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MIC academic awarded John Coolahan SCoTENS Award for research on experience of non-religious teachers in post-primary schools

Dr Catherine Stapleton pictured in front of green leaves

A Mary Immaculate College (MIC) academic has been jointly awarded the John Coolahan SCoTENS Award for 2023 in recognition of her research into the experiences of non-religious teachers in Post-Primary schools. Dr Catherine Stapleton, Lecturer in Education at MIC, Thurles is co-author of the ‘Non-Religious Teachers in Schools with a Religious Ethos in the Republic of Ireland and Northern Ireland: Experiences of Recruitment and Promotion Processes’ report, alongside Dr James Nelson from Queen’s University Belfast (QUB).

The John Coolahan Award is presented to academics who have published outstanding work on education. The award is named in honour of the late John Coolahan who worked across primary, post-primary and higher education over a six-decade long career and is considered one of the most influential and formative voices in educational government policy. The award is presented by the Standing Conference on Teacher Education, North and South (SCoTENS), a network of 24 colleges of education, university education departments, teaching councils, curriculum councils, education trade unions and education centres on the island of Ireland with a responsibility for and interest in teacher education.

The report looked at how post-primary teachers navigate religious expectations of them in the workplace and how the religious ethos of a school may affect the recruitment and promotion process. At the time of the research in 2020-2021, in both the Republic of Ireland (RoI) and Northern Ireland (NI) schools were exempt from equality legislation when employing teachers. This has been justified historically on religious grounds and the right of religious schools to appoint teachers who share their beliefs. The responses from the sample-group of non-religious post-primary teachers who were interviewed found that that not only is the use of religious profiling still evident in the recruitment process, but that pressures may continue throughout employment and some teachers reported experiencing a glass ceiling when it came to promotions.

The report’s authors recommended three important changes, namely the removal of any practices in the recruitment process that may include religious profiling, except where a genuine need is identified; the creation of clearly defined designations for schools which give explicit expression to the role of religion; and the availability of an opt-out of religious activities for all teachers. It was also recommended that the exemption to equality legislation be lifted for schools.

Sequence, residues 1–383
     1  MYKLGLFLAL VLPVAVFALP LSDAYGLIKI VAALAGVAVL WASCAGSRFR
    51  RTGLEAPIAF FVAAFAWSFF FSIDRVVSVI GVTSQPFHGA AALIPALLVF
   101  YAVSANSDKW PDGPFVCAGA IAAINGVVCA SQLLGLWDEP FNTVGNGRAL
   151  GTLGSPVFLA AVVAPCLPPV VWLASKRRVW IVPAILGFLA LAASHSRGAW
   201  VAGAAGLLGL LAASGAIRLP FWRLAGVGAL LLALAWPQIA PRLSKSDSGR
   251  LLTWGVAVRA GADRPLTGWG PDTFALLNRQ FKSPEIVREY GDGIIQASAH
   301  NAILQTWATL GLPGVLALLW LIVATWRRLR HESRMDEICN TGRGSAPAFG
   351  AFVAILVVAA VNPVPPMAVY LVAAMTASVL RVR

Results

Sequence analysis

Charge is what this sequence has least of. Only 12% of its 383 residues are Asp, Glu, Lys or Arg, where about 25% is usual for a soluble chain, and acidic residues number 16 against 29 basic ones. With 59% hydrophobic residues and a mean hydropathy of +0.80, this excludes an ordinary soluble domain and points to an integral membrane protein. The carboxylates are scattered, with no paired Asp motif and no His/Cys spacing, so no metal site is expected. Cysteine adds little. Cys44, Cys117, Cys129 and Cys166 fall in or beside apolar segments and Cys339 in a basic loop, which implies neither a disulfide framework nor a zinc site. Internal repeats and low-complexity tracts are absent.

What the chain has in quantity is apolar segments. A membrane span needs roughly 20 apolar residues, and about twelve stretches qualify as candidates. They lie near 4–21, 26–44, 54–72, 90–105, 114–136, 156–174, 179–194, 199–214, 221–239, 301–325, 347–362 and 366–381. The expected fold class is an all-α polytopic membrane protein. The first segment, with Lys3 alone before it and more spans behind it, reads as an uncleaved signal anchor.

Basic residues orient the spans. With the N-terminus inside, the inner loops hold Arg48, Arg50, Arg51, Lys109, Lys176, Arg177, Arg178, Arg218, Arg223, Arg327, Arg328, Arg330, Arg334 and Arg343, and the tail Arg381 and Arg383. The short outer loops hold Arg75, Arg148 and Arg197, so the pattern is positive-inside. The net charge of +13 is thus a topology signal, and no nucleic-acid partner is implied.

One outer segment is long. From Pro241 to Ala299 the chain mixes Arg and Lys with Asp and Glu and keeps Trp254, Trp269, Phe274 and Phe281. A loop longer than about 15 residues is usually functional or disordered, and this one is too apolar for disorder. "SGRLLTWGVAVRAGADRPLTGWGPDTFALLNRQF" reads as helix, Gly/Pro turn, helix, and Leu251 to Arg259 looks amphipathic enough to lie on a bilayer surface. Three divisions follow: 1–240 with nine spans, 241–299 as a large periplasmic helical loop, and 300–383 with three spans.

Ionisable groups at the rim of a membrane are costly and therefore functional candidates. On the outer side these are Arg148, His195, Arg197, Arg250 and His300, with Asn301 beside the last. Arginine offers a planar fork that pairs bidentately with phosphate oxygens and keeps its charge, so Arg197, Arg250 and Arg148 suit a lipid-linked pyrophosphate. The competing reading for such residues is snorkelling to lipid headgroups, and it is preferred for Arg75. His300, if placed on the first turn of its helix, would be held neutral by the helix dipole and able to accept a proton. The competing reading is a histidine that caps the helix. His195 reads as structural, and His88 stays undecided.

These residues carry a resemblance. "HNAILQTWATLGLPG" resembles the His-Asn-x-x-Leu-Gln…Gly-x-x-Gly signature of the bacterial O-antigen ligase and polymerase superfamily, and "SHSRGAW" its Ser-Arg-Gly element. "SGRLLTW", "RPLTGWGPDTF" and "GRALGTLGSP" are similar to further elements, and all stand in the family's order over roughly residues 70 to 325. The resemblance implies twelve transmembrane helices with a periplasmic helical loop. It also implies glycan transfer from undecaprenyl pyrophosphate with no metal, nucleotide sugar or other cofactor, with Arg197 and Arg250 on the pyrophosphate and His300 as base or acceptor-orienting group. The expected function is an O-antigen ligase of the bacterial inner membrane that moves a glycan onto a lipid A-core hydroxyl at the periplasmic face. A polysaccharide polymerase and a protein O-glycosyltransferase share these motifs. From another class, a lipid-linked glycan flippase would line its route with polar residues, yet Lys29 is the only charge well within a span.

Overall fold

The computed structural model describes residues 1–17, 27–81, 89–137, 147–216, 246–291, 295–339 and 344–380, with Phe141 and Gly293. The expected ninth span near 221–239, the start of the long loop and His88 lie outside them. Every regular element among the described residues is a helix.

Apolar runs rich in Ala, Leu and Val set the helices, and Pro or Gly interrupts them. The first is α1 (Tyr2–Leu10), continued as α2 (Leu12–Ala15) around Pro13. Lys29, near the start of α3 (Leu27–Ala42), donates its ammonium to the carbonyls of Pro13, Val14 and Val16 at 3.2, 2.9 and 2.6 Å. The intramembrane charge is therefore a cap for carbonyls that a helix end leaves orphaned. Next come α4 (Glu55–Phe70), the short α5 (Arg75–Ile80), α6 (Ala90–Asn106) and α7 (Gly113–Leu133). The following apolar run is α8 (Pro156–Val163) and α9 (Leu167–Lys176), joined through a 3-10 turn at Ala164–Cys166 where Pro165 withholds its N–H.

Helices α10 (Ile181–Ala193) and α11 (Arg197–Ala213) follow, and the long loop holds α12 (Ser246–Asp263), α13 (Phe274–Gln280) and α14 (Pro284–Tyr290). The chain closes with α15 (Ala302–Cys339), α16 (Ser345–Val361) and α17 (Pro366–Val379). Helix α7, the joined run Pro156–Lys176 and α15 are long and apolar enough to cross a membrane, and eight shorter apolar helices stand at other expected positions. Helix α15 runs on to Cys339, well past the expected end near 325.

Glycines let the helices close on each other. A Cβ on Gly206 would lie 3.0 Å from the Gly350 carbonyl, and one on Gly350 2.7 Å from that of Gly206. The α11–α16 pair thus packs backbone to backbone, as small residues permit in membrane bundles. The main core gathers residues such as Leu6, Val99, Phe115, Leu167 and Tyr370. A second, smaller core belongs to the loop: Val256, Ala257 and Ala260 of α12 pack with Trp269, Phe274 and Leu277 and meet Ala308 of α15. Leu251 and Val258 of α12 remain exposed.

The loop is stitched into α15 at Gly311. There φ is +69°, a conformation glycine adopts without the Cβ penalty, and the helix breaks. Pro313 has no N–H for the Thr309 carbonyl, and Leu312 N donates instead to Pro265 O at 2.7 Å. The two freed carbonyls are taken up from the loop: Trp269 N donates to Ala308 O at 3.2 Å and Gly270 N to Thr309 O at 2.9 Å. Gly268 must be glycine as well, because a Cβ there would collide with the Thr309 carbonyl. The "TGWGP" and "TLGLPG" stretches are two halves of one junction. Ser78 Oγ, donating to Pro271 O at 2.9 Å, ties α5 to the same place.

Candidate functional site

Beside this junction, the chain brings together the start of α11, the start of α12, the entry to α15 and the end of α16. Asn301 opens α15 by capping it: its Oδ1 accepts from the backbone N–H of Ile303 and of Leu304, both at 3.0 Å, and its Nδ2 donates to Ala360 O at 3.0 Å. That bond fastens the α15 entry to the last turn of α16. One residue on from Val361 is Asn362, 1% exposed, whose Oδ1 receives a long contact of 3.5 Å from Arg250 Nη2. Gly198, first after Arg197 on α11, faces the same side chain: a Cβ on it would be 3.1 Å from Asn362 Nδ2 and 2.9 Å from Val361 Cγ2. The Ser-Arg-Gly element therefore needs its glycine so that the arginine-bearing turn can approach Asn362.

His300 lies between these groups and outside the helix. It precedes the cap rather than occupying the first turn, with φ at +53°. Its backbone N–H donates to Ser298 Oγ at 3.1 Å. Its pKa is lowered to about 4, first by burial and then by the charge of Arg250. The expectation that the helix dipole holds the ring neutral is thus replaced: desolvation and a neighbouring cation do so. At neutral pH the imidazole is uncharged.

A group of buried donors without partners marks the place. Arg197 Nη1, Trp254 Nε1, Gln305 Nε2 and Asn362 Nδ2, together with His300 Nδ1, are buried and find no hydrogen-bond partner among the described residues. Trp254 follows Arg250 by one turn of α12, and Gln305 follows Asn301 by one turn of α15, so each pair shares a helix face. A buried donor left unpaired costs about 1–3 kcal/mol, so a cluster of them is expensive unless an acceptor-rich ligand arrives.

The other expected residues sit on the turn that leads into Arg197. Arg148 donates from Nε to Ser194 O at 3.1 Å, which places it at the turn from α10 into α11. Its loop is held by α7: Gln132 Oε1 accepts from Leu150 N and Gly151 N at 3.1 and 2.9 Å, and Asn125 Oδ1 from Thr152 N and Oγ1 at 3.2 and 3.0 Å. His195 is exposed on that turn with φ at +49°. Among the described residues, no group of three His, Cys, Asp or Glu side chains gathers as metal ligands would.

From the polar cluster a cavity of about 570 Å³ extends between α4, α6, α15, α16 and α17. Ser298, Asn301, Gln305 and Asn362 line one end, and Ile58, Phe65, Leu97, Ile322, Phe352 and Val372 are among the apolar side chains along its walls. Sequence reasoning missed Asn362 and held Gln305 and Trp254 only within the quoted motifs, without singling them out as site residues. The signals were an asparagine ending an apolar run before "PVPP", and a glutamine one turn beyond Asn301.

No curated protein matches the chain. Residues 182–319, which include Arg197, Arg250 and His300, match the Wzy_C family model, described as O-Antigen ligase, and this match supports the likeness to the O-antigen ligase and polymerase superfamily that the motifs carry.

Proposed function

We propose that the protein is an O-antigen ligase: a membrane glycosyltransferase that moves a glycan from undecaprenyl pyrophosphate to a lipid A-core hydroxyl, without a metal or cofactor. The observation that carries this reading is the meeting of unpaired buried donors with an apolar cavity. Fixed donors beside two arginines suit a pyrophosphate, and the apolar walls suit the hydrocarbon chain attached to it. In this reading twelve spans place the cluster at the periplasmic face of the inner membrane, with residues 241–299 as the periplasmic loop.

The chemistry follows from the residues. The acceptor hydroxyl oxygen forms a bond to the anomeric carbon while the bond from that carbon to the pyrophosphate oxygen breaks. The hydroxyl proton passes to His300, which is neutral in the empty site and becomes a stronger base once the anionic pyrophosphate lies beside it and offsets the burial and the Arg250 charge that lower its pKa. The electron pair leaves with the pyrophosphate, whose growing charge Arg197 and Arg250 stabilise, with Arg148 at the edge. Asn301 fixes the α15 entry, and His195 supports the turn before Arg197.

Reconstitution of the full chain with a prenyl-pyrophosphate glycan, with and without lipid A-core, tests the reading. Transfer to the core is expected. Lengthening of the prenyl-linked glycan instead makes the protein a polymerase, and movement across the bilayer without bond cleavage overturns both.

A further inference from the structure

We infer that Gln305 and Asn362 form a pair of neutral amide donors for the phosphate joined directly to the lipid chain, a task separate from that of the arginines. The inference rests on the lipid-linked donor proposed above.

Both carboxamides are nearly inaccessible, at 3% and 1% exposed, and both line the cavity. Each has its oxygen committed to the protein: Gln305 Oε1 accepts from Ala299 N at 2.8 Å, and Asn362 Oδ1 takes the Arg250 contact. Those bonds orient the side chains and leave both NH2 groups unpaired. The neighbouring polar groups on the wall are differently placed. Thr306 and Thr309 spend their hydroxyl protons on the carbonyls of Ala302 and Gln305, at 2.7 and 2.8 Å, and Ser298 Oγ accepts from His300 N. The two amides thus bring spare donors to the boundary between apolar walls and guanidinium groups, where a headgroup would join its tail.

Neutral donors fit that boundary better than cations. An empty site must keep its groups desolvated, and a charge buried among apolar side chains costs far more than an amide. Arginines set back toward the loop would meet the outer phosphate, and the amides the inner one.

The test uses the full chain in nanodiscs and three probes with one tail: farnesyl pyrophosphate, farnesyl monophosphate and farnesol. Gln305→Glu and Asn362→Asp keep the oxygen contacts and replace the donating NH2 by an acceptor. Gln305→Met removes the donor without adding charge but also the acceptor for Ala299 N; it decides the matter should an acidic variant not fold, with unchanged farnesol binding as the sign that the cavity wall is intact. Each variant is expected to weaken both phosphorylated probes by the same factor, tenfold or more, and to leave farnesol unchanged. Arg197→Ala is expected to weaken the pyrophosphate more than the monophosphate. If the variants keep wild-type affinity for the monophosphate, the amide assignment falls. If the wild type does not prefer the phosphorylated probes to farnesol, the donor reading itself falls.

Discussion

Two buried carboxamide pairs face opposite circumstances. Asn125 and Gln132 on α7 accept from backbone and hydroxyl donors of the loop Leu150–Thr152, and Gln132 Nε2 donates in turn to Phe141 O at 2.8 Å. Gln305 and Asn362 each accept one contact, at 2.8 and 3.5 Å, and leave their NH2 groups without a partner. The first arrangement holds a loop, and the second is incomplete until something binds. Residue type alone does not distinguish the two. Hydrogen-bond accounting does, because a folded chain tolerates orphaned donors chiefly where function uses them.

Since the issuing of the report in Autumn 2021, a bill was passed by all parties in Stormont in March 2022 which when enacted will no longer allows discrimination on religious grounds when appointing teachers in Northern Ireland. According to Dr Stapleton “The exemption has been lifted in the North, which creates a more equitable opportunity of outcome for all teachers. However, there has been no such legislative change in the Republic of Ireland. This highlights the findings in our research and the experiences of teachers contained within, particularly with how they are subject to very different rights in employment. Such incongruity between the two systems highlights the needs for further change.”

Dr Stapleton continues: “While legislative change is hugely important, the teachers interviewed also made other recommendations regarding the cultivation of an inclusive ethos in all schools. This is the day to day task of building relational communities where diversity is normal and people are not afraid to be themselves and express their identity. They were clear that theirs was not a desire to drive religion out of schools, but they wanted to work in a school culture that, like John Coolahans' values, cultivated collaboration, equality and plurality. I would also like to thank the SCOTENS committee for this award. I am delighted to receive it and value the boost it will give to our research, which we believe may help – even modestly – in making our education systems more inclusive in an increasingly diverse landscape.”

Dr Stapleton and Dr Nelson were presented with the John Coolahan award at the recent SCoTENS Research Webinar 2023, which can be viewed by clicking here.

The Non-Religious Teachers in Schools with a Religious Ethos in the Republic of Ireland and Northern Ireland: Experiences of Recruitment and Promotion Processes report is available to read by clicking here.